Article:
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Clay hosts Artists’ Reception for students
Published on December 14, 2017
Clay hosts Artists’ Reception for students
Photographer Gary Harwood worked closely with art students at Clay High School during the fall to create visual images that tell a story in a project titled “In This Place.” The program hosted a special Artists’ Reception at Clay High School on Dec. 6.

Harwood is a photographer, social documentarian, and visual storyteller from Kent, Ohio. He has taught photography at Kent State for over 20 years, and is co-author (with David Hassler) of the book, “Growing Season: The Life of a Migrant Community.” 

He has won four national Circle of Excellence awards from the Council for the Advancement and Support of Education (CASE), was named the 2001 University Photographers Association of America’s Photographer of the Year, and won the 2005 James R. Gordon Ohio Understanding Award from the Ohio News Photographers Association (ONPA). His work has appeared in numerous national publications, including the Communication Arts Photo Annual and the Graphis Photo Annual, and he received the 2006 Individual Artist grant for photography and the 2005 Artists and Communities grant from the Ohio Arts Council.

“It is my belief that storytelling is a foundational communication skill and for me, this is especially true when combined with photography. I believe visual storytelling is a universal language that should be introduced to students of all ages. This could be a classroom experience or a project-based community experience,” he said. 

Under Harwood’s creative direction, art students in teacher Tiffany Moore’s classroom at Clay High School were encouraged to create images that inspire hope and joy within their community. The images created by the students will be assembled into a book and printed for the patients of the SOMC Cancer Center to look at and contemplate during their treatments and doctor visits. 

Graphic designer Kelly Babcock will assist students creating the book, so they will have another layer of learning.

“I was impressed with how my students grew from the very beginning, and they took ownership of their photographs. When they went out in the beginning I think they were nervous, but their confidence grew so much by the end that now they get excited to go out and take more pictures,” Moore said.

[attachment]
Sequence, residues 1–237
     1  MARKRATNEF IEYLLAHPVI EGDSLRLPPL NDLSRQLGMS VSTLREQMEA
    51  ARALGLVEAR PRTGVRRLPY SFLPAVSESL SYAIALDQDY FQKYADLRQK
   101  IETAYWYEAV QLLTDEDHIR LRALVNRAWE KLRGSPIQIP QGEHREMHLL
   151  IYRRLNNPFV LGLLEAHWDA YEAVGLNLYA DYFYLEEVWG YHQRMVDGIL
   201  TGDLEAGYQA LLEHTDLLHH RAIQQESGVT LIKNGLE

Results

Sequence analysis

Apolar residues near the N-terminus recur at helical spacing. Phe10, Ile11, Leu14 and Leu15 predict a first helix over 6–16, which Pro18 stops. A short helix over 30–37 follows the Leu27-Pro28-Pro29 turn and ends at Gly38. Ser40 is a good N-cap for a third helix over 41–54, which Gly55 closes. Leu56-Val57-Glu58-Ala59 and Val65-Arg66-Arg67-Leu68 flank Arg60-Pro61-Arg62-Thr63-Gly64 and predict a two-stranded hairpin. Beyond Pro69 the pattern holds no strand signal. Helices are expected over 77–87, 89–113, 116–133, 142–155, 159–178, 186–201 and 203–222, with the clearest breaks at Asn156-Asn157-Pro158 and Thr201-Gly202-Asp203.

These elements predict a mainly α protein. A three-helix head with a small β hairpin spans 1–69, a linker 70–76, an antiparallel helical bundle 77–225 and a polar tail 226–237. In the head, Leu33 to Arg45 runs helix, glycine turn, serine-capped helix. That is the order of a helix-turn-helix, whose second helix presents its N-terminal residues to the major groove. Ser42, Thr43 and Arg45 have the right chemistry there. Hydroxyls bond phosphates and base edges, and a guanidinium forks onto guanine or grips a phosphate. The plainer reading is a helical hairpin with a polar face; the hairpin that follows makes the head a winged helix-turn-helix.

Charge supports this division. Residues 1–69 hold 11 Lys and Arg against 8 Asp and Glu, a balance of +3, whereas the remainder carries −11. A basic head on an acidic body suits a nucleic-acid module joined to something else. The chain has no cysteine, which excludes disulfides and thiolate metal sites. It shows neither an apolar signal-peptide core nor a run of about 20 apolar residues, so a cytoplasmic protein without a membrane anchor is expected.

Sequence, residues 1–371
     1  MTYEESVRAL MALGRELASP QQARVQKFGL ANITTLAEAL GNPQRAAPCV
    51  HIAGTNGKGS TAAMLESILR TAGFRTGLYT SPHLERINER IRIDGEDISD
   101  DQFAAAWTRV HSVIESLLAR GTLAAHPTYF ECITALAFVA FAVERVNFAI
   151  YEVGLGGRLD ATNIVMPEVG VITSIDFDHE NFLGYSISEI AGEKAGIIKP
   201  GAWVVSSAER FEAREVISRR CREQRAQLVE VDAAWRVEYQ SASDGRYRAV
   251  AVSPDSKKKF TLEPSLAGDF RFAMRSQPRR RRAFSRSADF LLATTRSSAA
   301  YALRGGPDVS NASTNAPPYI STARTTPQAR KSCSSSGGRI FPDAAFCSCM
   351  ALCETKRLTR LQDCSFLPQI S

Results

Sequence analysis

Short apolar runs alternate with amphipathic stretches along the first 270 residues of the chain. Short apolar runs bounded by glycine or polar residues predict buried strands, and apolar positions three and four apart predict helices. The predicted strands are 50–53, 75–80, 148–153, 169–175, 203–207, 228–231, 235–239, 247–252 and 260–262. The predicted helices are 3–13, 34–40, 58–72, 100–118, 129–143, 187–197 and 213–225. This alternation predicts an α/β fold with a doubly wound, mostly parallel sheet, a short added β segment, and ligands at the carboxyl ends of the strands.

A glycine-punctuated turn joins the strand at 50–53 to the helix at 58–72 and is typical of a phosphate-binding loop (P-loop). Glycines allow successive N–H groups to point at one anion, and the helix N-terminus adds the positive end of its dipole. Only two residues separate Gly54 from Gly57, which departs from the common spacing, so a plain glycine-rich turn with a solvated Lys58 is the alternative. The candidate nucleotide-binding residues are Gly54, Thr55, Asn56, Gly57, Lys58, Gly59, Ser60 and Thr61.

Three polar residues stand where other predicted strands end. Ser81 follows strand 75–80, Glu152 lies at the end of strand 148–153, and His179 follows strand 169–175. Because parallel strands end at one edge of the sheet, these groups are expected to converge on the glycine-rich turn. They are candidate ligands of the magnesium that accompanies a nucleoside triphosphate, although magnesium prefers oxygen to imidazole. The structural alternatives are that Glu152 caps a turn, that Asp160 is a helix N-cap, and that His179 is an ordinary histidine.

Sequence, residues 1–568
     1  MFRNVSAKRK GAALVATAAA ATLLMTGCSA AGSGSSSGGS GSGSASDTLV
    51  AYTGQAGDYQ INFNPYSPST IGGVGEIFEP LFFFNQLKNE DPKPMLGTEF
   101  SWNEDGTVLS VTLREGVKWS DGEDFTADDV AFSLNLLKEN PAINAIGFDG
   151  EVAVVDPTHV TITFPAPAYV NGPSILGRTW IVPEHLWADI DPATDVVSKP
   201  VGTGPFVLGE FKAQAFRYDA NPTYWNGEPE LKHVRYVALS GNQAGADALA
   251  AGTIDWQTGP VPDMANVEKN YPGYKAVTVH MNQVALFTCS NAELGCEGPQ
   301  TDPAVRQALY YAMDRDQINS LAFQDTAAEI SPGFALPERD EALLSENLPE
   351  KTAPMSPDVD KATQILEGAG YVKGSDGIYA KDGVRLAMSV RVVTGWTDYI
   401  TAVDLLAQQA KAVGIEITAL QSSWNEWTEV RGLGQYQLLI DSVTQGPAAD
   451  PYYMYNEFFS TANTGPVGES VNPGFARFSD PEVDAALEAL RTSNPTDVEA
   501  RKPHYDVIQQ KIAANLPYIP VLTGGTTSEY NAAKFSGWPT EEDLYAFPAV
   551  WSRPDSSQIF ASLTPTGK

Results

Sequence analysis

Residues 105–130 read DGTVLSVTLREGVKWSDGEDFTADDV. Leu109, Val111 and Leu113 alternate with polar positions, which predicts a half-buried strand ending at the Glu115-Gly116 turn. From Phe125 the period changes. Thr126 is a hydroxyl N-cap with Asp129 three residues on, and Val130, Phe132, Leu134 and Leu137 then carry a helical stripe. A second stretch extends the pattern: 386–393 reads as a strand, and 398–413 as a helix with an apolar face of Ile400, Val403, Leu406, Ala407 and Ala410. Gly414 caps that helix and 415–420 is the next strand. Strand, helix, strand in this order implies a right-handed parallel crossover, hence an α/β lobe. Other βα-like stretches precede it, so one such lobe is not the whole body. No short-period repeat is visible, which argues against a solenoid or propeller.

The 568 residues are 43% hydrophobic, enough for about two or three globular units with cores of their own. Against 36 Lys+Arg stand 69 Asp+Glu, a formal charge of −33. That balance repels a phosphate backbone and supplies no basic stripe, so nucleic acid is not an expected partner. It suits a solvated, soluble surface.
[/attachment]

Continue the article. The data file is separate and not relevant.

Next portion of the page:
Harwood called the project “magic” and said he really enjoyed working with students at Clay High School and seeing them develop their talents so quickly.

“Two-and-a-half weeks is a very short time to create something as full as this. So there is an introduction, then there’s a critique session and they go out and they begin to make improvements on their critiques, and their second round was incredible,” he said. “They started to see things beyond just walking up to things doing pictures of things. They started to see story. They started to see background. They started to see things in the image that make it complete and more compelling. That’s a lot of learning in a short amount of time.”

Harwood’s residency ended on Dec. 6 with a free, public Artists' Reception at Clay High School.

“All the kids showed up in their best clothes. Their parents were there. They each had a table. They were showing their journals,” Harwood said.  “It was wonderful.”

This project was coordinated by Sharee Price, gifted services coordinator at the South Central Ohio Educational Service Center, in New Boston, and supported by the Ohio Arts Council, The Scioto Foundation, Rotary Club of Portsmouth, and SOMC.

For more information about the ESC, visit online at www.scoesc.org, or follow on Facebook, YouTube, and Twitter.
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